Republican Proposal

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Republican Proposal
Leader Mauricio Macri
Founded October 23, 2005 (alliance)
June 3, 2010 (party)
Headquarters Buenos Aires, Argentina
Membership 89,750
Ideology Conservatism,[1]
Conservative liberalism
Political position Centre-right[2]
International affiliation International Democrat Union
Regional affiliation Union of Latin American Parties
Colors Yellow
Seats in the Chamber of Deputies
20 / 257
Seats in the Senate
3 / 72
Province Governors
1 / 24
(PRO governs the Autonomous City of Buenos Aires, which is not a Province)
Website
www.pro.com.ar
Politics of Argentina
Political parties
Elections

Republican Proposal (Spanish: Propuesta Republicana) is a right-wing political party in Argentina. It is usually referred to as PRO. PRO was formed as an electoral alliance in 2005, but was transformed into a unitary party on 3 June 2010.

PRO began as an alliance between Commitment to Change, the party of Mauricio Macri based in Buenos Aires, and Recreate for Growth (Recrear) of Ricardo López Murphy. It was created ahead of the legislative elections of 23 October 2005. At the 2005 elections the alliance won nine of the 127 elected deputies (out of 257).

Other provincial right-wing parties joined under the Recrear banner within PRO. Macri and López Murphy had been in discussions with Governor Jorge Sobisch, leader of the Neuquino People's Movement, another leading right-wing politician, although these discussions broke down. Macri is the President of the alliance.

In the June 2007 elections in the city of Buenos Aires, PRO decisively won the election, with Macri becoming Head of Government and the alliance taking 15 of the 30 seats in the city legislature. In addition to Commitment to Change and Recreate for Growth, the alliance included the Democratic Progressive Party, the Democratic Party, the Federal Party, the Movement for Integration and Development (MID), the Popular Union, the White Party and the Front of Independent Youth.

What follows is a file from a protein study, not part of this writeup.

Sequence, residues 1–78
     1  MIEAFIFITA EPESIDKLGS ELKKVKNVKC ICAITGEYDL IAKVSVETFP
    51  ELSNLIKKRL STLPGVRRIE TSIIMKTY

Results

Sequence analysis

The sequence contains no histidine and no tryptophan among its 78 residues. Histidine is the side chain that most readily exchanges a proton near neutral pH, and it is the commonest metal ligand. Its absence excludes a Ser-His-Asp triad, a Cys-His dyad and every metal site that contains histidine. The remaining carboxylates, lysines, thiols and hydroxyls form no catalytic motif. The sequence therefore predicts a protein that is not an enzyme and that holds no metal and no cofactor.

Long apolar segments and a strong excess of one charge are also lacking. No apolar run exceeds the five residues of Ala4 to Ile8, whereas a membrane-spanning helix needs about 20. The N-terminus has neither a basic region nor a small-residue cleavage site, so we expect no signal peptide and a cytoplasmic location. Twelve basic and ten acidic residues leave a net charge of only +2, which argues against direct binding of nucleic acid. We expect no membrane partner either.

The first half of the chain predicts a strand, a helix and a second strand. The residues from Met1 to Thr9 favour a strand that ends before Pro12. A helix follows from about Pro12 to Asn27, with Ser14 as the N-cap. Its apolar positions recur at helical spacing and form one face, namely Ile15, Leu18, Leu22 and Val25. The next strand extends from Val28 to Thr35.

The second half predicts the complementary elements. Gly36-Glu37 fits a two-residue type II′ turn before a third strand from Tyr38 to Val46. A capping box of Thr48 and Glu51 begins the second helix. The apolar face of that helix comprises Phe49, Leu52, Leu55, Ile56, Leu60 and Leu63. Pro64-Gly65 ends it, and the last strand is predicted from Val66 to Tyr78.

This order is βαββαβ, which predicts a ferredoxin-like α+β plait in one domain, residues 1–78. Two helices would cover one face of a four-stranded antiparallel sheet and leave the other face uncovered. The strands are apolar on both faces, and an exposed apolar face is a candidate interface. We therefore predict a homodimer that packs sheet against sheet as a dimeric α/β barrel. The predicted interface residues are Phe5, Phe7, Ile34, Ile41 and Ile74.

In the October 2007 Presidential and legislative elections, PRO did not officially back a candidate but gave tacit support to the bid of López Murphy, who stood as the Recrear candidate. Sobisch also stood. López Murphy did poorly gaining just 1.45% of the vote. PRO and its allies stood in the congressional elections and made a net gain of 2 seats in the Chamber of Deputies winning 6 seats overall. However, its 13% share of the vote in October 2007 in the city of Buenos Aires contrasted with its 44% share just a few months previously in the city elections.

In August 2009, Recreate for Growth gave up its formal independence and was completely absorbed by the Republican Proposal. On 3 June 2010, the alliance became recognized as a political party.

Electoral history[edit]

Presidential elections[edit]

Election year Candidate(s) First Round Second Round Result Note
# votes  % vote # votes  % vote
2007 Ricardo López Murphy 273,015 1.43 Red XN Defeated as Recreate for Growth
2011 Mauricio Macri Red XN Defeated Withdrawal before election

Congressional elections[edit]

Chamber of Deputies[edit]

Election year votes  % seats won Total seats Position Presidency Note
2005 1,046,020 6.2 9
9 / 257
Minority Néstor Kirchner (FPV—PJ)
2007 141,660 0
9 / 257
Minority Cristina Kirchner (FPV—PJ)
2009 3,391,391 17.7 20
20 / 257
Minority Cristina Kirchner (FPV—PJ)
2011 471,851 2.3 3
11 / 257
Minority Cristina Kirchner (FPV—PJ)
2013 2,033,459 9.0 18
20 / 257
Minority Cristina Kirchner (FPV—PJ)

Senate elections[edit]

Election year votes  % seats won Total seats Position Presidency Note
2005 492,892 6.2 0
0 / 72
Minoirty Néstor Kirchner (FPV—PJ)
2007 20,077 0
0 / 72
Minority Cristina Kirchner (FPV—PJ)
2009 121,100 0
0 / 72
Minority Cristina Kirchner (FPV—PJ)
2011 55,023 0.5 0
0 / 72
Minority Cristina Kirchner (FPV—PJ)
2013 779,404 15.16 3
3 / 72
Minority Cristina Kirchner (FPV—PJ)

References[edit]

  1. ^ Moffett, Matt (1 September 2011), "Argentina Debates Foreign Land Grabs", Wall Street Journal 
  2. ^ Flores-Macías, Gustavo A. (2012), After Neoliberalism?: The Left and Economic Reforms in Latin America, Oxford University Press, p. 70 

External links[edit]